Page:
Major cities are calling for a congestion tax - a charge for every car that drives into the CBD - to help ease the traffic during peak hours.
According to Tony De Domenico from Urban Development Institute of Australia this tax has been used around the world in Milan, London, Stockholm and Singapore.
"There is no reason why we couldn't put it on the table and discuss it," Domenico said.More stories from Today Tonight
Domenico blames a lack of government planning for Australia's overcrowded roads.
"There needs to be some future serious planning done. The thing I think that fails is that any money collected in that way ought to be dedicated solely for use of improving public transport or improving the road system," Domenico said.
Professor John Stanley from the Institute of Transport and Logistic Studies at the University of Sydney believes congestion charge is inevitable.
"It's the only reliable way to reduce the demand for road use without getting a bounce back effect and it's also a very effective way to raise revenue," said Stanley.
Stanley proposes a distance-based charging regime - up to five cents a kilometre in peak travel times - offset with a discount on car registration fees.
"I'd be looking at something like the Dutch plan to have a GPS based system where in fact you charge people for the distances they travel and where they are and the time of day they travel. In peak hours on trips to the CBD people would be paying more but you would have spent some money on improving public transport to give them a choice," he said.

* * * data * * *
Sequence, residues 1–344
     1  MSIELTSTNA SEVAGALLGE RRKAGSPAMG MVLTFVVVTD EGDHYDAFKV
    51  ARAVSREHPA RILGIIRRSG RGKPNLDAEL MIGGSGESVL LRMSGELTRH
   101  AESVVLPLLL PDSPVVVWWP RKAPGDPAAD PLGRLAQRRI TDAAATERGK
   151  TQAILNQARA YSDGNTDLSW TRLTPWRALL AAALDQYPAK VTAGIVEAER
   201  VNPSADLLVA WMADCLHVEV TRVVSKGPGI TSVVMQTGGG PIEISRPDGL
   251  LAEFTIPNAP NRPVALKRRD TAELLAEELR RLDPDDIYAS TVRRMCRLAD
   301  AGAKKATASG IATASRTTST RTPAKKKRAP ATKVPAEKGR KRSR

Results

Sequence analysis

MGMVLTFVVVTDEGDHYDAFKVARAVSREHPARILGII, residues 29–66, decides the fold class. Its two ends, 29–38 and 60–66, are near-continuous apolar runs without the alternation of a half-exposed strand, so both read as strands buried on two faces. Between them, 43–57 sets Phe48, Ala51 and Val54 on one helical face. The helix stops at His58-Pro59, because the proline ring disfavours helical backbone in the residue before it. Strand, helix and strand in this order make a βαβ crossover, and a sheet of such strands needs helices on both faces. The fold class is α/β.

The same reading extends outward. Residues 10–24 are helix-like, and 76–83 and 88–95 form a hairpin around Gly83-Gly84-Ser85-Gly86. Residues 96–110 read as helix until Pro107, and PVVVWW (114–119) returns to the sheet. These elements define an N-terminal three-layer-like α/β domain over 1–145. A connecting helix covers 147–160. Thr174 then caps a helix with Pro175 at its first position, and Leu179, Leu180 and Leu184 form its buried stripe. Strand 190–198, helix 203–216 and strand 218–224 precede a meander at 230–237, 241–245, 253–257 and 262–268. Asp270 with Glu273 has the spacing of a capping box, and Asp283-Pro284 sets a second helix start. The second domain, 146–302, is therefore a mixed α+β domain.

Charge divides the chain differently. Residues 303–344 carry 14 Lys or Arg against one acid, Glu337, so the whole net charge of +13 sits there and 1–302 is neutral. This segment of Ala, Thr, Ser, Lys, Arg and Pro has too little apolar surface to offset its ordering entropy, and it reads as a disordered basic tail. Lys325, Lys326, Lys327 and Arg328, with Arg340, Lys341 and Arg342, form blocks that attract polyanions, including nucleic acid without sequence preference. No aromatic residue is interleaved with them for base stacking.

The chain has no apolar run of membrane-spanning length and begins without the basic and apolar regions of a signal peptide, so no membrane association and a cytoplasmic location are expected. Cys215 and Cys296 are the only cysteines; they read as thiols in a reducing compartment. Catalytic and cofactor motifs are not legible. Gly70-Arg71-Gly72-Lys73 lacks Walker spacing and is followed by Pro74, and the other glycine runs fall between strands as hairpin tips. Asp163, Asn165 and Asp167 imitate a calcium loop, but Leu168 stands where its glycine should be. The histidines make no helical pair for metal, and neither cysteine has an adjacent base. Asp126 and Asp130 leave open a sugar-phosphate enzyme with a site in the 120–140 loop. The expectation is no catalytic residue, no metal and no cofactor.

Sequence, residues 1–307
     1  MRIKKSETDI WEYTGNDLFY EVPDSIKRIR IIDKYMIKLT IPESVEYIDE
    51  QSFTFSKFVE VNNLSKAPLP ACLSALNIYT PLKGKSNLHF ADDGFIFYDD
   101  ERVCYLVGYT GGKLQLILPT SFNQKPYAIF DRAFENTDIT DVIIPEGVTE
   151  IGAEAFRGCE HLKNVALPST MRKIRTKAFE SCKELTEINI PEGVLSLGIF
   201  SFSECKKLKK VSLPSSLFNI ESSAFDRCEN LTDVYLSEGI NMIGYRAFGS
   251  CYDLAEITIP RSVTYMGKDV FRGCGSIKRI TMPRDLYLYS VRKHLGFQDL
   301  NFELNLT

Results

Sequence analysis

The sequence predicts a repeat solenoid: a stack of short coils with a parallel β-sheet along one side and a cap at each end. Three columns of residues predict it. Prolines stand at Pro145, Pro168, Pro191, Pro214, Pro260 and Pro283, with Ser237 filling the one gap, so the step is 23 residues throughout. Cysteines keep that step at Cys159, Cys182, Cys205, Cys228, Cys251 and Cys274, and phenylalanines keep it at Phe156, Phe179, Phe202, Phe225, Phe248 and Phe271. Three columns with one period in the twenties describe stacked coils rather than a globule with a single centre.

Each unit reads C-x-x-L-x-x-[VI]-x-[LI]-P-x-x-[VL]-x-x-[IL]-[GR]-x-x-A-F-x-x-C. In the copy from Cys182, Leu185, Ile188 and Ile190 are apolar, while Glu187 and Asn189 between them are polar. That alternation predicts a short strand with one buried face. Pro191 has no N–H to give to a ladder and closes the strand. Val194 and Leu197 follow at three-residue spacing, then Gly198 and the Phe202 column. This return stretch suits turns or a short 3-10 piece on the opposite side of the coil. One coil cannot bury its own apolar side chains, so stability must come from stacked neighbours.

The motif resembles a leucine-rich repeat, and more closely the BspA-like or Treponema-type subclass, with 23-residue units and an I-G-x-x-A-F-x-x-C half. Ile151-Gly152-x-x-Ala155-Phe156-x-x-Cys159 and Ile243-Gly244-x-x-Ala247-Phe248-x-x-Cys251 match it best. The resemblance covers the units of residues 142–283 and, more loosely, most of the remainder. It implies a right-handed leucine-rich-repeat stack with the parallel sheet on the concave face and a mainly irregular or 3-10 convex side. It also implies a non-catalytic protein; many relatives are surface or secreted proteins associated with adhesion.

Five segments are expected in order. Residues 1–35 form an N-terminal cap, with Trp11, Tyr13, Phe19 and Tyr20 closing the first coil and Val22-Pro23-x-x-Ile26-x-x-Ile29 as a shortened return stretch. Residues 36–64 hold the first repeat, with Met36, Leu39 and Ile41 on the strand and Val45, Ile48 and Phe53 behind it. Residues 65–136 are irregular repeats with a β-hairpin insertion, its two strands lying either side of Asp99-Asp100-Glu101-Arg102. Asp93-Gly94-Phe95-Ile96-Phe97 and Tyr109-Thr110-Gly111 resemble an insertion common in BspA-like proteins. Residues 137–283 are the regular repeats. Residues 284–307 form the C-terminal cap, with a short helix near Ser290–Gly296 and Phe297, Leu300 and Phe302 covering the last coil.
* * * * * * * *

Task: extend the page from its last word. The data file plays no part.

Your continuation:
The most congested times are typically 7:00am to 10:00am each week day morning and 5:00pm to 7:00pm each night, when roads become car parks. The cost is a staggering $10 billion in lost productivity a year and is forecast to rise to $20 billion by 2020.
According to Paul Cowperthwaite from Transport for London, the city has seen a 15 per cent reduction in traffic and 60,000 less vehicles entering the zone each day.
10 years since implementing a congestion charge in London, Cowperthwaite says it's become a way of life for locals.
"London was very lucky in that 85 per cent of people who entered London already did so by public transport. However, congestion charging has had the benefit of raising 1.2 billion pounds, which has been invested back into transport," Cowperthwaite said.
Experts believe that it works well in cities like London because of exceptional public transport. Still, there are mixed reviews on its success from the people of London.
It may not be called a congestion tax but councils and state governments are already forcing cars off the roads with the installation of bus and bike lanes to discourage drivers from entering the CBDs.
In Sydney, what amounts to a congestion tax is already being charged, for instance travel on the Sydney Harbour Bridge and Harbour Tunnel in peak times and you'll pay at least a dolalr more per trip. There is a levy on car spaces in privately owned car parks - $2100 per car spot, per year in the CBD and North Sydney.
In Melbourne, 60,000 car parking spaces will be subject to an increase in congestion levy tax - up almost 40 per cent to $1300 a year per spot, per year. Car park operators say they will pass on the increased cost to drivers, boosting the government's bank balance by $44 million.
Brisbane drivers have so far escaped a levy on car parks but with the financial collapse of the Airport Link, congestion tax is back on the agenda.
Russell Zimmerman from the Australian Retailers Association claims this will stop people from going into the city and spending.
Zimmerman fears slugging shoppers will drive money out of the CBD.
"If you're coming from somewhere like the Hills district in Sydney where there's no public transport, that would be a huge impediment to coming into the city," Zimmerman said.
It would be a brave government to introduce a congestion tax but the number of recommendations is piling up, as is Australia's population.